The Volcanic Gena Rowlands


Tenn on Gena Rowlands


Some talents are simply volcanic; epic. Of course, nothing could possibly be simply volcanic or epic, but I will face the scorn of grammarians and continue to state this about Gena, because she possess a titanic talent, with its attendant extraordinary effects, but she is eminently approachable--she walks right up to you, lets you see, feel, and touch her talent, and then retreats. She is unerringly polite in offering volatility--she's violent yet sweet; manic yet lucid; beautiful yet plain; accessible yet unknowable.

I think she is what we call great, although that word is bandied about much too often. I think she deserves it.

No one accepts a statement quite like she does. Watch her in films when a harsh truth is lobbed at her, or a compliment, or a retort: Her response is so visceral you want to turn away--you have seen a woman in a state of acute vulnerability. Her toughness is majestic because it is applied to this vulnerability, so you are aware of both the bravado and the risk.

I hate that she has never been my Blanche--her degradations at the hands of Stanley would have rendered us all useless. Her Alma would have revealed, at long last, the coruscating effects of unrequited love, of amatory hunger. When she's older she can be Amanda, and we'll finally witness the vaudeville act of stale dreams that the mother and the son have in that dank house with the figurines and the ghost of a man for whom they both pine.

Did you see her in Gloria? That incredible scene with the mob boss, where she asserts that she's leaving and she's protecting the boy? I could watch that over and over. I sat through that film three times, exhausting the patience and the spine of a good friend, who does not understand that Gena--that several actresses--are works of art you place yourself in front of as if they were paintings in a museum, or sunsets, or mountains, or lovers walking slowly away from you.

I never could connect with John [Cassavetes] even as I tried. I think I was simply too enamored of them both. I wanted to talk to him about directing some of my scripts, and I think we were both at a loss for words. I am a man of words, most of the time, but he is a man of action--visual action--so there was no connection, no click. I love his films and so I love the man. I am incapable of separating people from the gifts they share. I am told this is stupid.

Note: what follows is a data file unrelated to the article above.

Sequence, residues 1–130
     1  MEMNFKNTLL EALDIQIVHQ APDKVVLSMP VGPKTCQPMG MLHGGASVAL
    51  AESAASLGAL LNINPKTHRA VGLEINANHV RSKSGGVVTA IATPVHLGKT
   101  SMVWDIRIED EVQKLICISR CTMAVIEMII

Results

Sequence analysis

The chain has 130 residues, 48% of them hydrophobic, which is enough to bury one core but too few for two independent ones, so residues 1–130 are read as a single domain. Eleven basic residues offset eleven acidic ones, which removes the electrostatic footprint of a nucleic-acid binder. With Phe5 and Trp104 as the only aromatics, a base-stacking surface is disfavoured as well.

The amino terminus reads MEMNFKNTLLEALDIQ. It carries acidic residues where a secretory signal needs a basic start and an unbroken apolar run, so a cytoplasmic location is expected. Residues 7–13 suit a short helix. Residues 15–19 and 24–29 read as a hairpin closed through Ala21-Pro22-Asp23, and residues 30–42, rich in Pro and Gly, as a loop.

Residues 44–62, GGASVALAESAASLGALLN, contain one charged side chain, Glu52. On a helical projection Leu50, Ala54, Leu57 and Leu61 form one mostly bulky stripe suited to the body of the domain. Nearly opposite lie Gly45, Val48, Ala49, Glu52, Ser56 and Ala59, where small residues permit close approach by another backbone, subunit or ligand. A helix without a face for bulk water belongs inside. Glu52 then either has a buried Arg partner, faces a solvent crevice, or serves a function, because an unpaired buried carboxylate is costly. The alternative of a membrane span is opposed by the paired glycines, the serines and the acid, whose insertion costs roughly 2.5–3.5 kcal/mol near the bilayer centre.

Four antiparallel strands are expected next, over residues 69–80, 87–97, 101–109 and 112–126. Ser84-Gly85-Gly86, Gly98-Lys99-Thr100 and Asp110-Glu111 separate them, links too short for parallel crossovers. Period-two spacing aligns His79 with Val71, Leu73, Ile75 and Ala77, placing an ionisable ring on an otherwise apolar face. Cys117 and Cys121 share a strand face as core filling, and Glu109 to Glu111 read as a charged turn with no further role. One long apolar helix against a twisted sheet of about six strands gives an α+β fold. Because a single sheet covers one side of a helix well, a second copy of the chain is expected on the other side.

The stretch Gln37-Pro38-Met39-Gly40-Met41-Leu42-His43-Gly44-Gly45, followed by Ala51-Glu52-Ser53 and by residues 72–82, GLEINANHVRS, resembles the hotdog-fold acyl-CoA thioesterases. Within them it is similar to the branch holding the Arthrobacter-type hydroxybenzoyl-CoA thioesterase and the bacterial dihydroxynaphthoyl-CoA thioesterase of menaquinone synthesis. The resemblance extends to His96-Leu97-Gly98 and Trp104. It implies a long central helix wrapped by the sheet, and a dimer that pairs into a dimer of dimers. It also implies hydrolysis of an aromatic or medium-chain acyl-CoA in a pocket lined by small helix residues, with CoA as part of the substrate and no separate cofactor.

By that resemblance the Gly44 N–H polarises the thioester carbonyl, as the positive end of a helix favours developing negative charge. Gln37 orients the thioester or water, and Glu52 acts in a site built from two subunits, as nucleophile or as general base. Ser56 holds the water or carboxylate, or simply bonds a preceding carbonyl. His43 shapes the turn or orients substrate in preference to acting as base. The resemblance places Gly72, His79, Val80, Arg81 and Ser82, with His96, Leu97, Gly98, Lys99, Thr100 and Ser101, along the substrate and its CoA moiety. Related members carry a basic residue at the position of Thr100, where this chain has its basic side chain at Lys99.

Beauty is not merely a natural gift, an accident of birth: There is beauty that can be imprinted upon a person by virtue of their character and their actions: I believe that Gena has this earned beauty; I believe that she deepens in beauty and talent and spirit with each role and with each assignment. In her best films you can watch both her character and her spirit blossom in front of your eyes. If you can sit through the film several times in a row, you will be amazed. It's a good way to spend a day.

 Do I think we'll meet and have a working relationship? I can dream. I can go to the pale judgment and write a part for her and hope that the fog brings in a complete play and, perhaps, her attention. I think she might be receptive. I love that she lives on Woodrow Wilson, a gloriously loony name for a street in Los Angeles--and only a stone's throw from Passmore. I was driven to see Tony Perkins once--he's a neighbor of Gena's--and the driver kept saying 'Passmore is too far; we're heading for Woodrow Wilson.' There was much frivolity and scented air and heady madness that afternoon, and I kept looking at the green sentry of bushes that hid the Rowlands house and wondered what was being improvised there; I imagined their messy volubility and generous laughter and quick judgments. I wanted to be in that house at that time on Woodrow Wilson.

Well, she's ours, all ours. There will come a time when we will not believe that we had access to what she can do. She arrives with talent, not a message, so she is overlooked in a way that is enraging. There is longevity in her talent and her beauty. There will be surprises. I would like to be the author of at least one. Failing that, I would like, at the very least, a good seat at the unveiling of this surprise--and the patience of one good friend who will sit with me while I watch it, over and over again.


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